Ørsted’s business transformation has lifted the offshore wind industry from a niche to a rapidly growing industry, with the potential to deliver cleaner energy to millions of people. Also, the company can justifiably claim to have played a key role in turning offshore wind from an expensive, unviable but interesting technology to a dominant part of the mainstream energy mix. Its transition from fossils to renewables was accompanied by a target to reduce costs for offshore wind to 40% by 2020. But this ambitious target was achieved in 2016, 4 years ahead of its set deadline because the costs fell much faster than expected. Through innovation and large-scale deployment of offshore-wind technology, Ørsted has helped bring down the cost of offshore wind farms.
Ørsted owns power production facilities and projects internationally as well. It has entered into countries by replicating its European strategy of acquiring sites for offshore wind farms. Being the world’s most sustainable company, it has become a significant part of the future green-energy system. Today, it develops offshore wind, onshore wind, solar energy, and storage solutions. Though offshore wind farms are the flag-bearers of its new identity, biomass conversions and acquisitions also play a major part. To date, it has installed a third of the world’s offshore wind turbines, more than any other firm. All in all, this makes Ørsted not just the largest offshore wind player in Europe but also a leader globally, with a market share of 16%.
Such strategic business transformations, both in terms of the radical nature and the sheer scale and speed (considering the fact that Ørsted did all this in a decade), can help face the challenges we face as a global community. It is not just a transformation of a business, but a significant contribution to the broader green energy transformation. Probably, it is the shift on the demand side that drives such fundamental transformation of business models. However, Ørsted’s transformation proves that the biggest driver for change towards renewable energy will be the economic argument, and the key drivers in this race would be the business firms. The trend has only grown in the present times and should be a major consideration for all the energy and tech companies to make possible the changes that the world currently needs.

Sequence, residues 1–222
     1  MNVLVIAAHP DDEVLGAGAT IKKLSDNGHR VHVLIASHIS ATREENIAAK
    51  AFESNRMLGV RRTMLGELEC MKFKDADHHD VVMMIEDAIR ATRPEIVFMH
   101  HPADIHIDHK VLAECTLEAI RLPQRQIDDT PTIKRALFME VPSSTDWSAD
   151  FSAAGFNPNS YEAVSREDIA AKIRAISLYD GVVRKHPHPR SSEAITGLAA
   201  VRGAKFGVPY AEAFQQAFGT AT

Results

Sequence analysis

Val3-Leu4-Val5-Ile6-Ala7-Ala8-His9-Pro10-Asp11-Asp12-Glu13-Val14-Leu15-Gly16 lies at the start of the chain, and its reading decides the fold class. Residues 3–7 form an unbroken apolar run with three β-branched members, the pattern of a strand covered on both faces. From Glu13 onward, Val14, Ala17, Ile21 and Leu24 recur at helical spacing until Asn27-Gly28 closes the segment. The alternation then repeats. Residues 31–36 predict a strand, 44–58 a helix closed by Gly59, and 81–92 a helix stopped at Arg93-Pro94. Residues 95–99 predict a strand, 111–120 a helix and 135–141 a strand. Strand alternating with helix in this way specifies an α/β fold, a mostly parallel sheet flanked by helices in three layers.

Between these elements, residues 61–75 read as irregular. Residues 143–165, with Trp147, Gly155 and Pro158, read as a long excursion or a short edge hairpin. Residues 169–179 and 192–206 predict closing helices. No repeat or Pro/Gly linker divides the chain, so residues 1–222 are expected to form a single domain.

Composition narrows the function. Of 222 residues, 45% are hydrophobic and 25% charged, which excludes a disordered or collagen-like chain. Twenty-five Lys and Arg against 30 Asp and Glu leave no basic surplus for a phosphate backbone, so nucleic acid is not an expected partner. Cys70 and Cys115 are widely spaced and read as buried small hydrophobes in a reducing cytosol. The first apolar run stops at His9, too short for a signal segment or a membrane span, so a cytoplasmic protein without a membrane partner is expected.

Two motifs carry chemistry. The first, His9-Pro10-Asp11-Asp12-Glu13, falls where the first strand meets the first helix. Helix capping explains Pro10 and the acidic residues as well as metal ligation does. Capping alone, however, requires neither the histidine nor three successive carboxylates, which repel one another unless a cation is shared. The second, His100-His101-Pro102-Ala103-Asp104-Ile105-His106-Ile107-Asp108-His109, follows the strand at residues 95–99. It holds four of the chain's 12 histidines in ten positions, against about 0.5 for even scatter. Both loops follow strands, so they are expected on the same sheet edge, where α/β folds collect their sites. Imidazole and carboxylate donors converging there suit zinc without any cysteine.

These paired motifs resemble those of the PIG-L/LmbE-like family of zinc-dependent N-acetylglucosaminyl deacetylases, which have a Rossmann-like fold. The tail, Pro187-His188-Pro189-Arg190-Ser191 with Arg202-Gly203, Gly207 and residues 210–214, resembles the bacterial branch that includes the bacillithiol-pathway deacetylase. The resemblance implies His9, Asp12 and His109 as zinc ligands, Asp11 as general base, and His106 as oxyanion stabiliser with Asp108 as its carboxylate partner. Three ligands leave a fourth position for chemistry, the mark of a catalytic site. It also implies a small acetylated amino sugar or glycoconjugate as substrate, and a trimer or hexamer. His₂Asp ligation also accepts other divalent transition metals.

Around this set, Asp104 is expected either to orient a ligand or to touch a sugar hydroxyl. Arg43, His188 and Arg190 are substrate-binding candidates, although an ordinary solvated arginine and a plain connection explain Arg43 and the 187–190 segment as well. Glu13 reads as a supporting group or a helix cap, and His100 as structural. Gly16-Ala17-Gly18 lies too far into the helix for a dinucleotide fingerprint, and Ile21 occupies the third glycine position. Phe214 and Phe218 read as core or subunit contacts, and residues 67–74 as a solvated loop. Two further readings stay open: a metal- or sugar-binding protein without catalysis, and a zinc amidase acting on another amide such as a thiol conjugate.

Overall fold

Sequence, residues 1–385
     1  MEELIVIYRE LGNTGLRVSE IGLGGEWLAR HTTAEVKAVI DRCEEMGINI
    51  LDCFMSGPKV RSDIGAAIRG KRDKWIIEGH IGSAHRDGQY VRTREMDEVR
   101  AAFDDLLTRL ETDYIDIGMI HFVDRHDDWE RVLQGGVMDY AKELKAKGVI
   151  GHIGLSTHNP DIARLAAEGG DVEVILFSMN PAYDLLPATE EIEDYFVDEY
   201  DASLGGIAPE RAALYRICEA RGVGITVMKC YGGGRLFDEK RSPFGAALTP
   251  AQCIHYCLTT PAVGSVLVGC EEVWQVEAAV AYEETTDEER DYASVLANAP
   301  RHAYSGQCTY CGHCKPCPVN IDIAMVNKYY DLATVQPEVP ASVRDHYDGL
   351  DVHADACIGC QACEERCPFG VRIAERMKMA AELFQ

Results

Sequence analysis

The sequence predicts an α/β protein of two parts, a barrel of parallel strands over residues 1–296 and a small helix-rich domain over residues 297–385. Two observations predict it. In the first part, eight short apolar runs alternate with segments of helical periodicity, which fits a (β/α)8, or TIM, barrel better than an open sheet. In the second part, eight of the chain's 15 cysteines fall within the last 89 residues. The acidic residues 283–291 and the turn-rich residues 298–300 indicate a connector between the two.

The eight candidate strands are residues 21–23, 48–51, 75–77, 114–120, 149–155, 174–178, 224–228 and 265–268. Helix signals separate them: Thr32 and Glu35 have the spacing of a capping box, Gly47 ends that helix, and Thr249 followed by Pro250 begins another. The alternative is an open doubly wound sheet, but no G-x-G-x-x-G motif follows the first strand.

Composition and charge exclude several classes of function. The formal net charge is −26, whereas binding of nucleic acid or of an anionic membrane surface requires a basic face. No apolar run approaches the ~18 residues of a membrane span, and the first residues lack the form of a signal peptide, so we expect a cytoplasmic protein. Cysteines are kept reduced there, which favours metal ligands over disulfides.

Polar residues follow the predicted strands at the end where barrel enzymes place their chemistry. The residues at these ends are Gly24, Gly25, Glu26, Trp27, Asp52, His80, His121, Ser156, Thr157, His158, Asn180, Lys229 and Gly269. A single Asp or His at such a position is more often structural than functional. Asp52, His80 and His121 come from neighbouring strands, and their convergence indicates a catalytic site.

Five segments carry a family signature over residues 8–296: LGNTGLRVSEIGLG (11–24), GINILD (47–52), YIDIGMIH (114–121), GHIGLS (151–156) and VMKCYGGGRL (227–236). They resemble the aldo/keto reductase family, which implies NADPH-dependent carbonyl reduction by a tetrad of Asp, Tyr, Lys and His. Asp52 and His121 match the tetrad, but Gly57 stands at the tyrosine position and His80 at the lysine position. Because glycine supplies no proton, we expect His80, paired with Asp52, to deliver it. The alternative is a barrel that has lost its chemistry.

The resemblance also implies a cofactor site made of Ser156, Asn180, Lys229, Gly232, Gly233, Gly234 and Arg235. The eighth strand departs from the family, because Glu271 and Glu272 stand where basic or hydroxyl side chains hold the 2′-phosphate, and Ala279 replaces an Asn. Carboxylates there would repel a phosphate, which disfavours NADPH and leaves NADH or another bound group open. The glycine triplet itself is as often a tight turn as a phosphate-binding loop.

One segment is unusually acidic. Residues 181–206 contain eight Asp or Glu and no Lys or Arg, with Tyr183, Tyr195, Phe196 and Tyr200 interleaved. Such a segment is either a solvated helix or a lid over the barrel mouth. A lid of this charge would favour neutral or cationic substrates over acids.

Lessons Learned From an Energy Company’s Green Transformation dated 15.04.2019
Get The Connectere directly in your E-mail inbox !
Currently pursuing Economics (Hons.) from SRCC, Simran is an avid reader and is always on a lookout for some ‘real’ knowledge. She is a proud member of BTS Army and has an innate obsession for Sundays. She often finds herself stuck in the rat race and struggles to have a consensus between her heart and mind.